The environment is breakable in certain places – the CPU just beat me to hell in a fight, where of one of the rounds ended with my flying through a window, and the achievement “Geronimooo!” for breaking a balcony popped for me. Other stages have breakable floors so that the fight in itself will be in some sort of stages as the environment changes.

They’ve also dropped a full replay whenever a fight ends and kept to make the last hit in slow motion while the defeating character is flying through the air.

More enraging than ever
Let’s talk about the difficulty. I’m in no way a good player, I play purely for fun and with friends locally and it’s not like we have a weekly gaming meeting. The scrapping of the story mode confirms that this is what happens for far the most players in the world. I lost a couple fights when I played through the arcade mode, but thought no more of it once I was able to beat the CPU to progress in the game.

Then i met the final boss. I was met with a wall of difficulty; long combos that I had no idea of how to get out of once I got hit, blocks from the opponent, and ridiculously great timing as well whenever I tried to retaliate all the hits. I’m pretty sure the hardcore fanbase has been yelling out saying that the game was too easy and the developers must have listened. The bad thing in this instance is that newcomers and casual players will end up disliking the game for the frustration and defeat.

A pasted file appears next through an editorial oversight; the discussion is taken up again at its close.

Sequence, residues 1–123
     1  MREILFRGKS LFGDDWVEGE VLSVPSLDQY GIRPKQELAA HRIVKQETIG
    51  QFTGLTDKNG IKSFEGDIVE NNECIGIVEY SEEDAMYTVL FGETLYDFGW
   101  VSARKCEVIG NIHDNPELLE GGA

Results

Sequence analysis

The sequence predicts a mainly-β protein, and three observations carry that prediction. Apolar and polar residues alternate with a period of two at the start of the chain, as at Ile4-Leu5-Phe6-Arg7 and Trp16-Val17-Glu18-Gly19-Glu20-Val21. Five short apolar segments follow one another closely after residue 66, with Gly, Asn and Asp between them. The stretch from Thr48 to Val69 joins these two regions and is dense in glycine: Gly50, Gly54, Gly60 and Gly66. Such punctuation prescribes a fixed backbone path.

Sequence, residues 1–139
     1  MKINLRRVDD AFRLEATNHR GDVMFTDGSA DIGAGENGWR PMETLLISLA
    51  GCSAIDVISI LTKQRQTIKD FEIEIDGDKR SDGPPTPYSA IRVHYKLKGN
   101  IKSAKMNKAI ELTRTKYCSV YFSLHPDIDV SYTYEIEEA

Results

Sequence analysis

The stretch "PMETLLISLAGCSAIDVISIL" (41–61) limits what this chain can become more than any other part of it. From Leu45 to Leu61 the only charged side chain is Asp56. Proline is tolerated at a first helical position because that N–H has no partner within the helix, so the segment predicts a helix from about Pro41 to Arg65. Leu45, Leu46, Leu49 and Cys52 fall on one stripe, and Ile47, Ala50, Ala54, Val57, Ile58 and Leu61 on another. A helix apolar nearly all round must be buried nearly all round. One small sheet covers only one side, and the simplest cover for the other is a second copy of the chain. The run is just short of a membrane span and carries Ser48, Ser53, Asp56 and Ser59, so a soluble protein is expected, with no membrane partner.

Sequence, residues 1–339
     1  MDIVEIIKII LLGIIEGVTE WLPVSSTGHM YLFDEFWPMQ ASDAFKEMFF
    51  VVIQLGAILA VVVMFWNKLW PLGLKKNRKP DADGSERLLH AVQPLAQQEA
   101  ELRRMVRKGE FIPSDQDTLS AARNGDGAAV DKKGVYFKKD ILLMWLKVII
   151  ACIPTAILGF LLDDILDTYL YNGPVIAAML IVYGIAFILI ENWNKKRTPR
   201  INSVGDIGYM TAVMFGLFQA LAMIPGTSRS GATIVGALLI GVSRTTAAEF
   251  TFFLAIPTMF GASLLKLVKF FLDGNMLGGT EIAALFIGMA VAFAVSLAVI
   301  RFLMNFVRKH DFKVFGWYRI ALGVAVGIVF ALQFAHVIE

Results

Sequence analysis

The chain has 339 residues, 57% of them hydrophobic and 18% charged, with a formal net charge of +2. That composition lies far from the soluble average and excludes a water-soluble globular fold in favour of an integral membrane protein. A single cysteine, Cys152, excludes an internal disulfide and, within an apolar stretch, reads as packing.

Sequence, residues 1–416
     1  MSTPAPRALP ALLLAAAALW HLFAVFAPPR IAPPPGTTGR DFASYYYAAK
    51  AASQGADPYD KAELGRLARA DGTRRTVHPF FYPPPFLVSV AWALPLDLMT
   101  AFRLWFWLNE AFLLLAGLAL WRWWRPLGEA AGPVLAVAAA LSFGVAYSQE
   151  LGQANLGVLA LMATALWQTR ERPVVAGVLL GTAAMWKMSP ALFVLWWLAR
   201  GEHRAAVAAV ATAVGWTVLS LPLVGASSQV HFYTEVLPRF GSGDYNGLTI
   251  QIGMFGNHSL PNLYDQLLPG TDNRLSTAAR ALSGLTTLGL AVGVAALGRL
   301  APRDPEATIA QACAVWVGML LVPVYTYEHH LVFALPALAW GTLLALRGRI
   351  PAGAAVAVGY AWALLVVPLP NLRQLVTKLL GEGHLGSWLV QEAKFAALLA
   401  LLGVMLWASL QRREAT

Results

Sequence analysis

There’s a couple of great modes to try out, but no way near what we’ve seen before. There’s no volleyball (featured in Tekken 3) and there’s no bowling either (featured in Tekken Tag and Dark Resurrection), and as mentioned, no story mode. While the game lacks in quantity, it certainly justify it in the quality and focus on what the game is actually about. Arcade Mode blends the endless mode from Tekken 5 into the Arcade mode we know so well; the arcade mode has a number of fights ending with a boss fight and you can promote your characters playing this mode.

When you want to mix it up a bit, you can play Team, Time Trial and Survival mode, where you pick a team of fighters, fight through a number of opponents as fast as possible and survive as long as possible. Pretty straightforward, even for players who haven’t played any of the games from the series. Furthermore there’s a mode that needs a little more explaining, and that’s Ghost Mode; Here you basically download your friends or randoms strangers fighters and fight against them.

Get ready for training!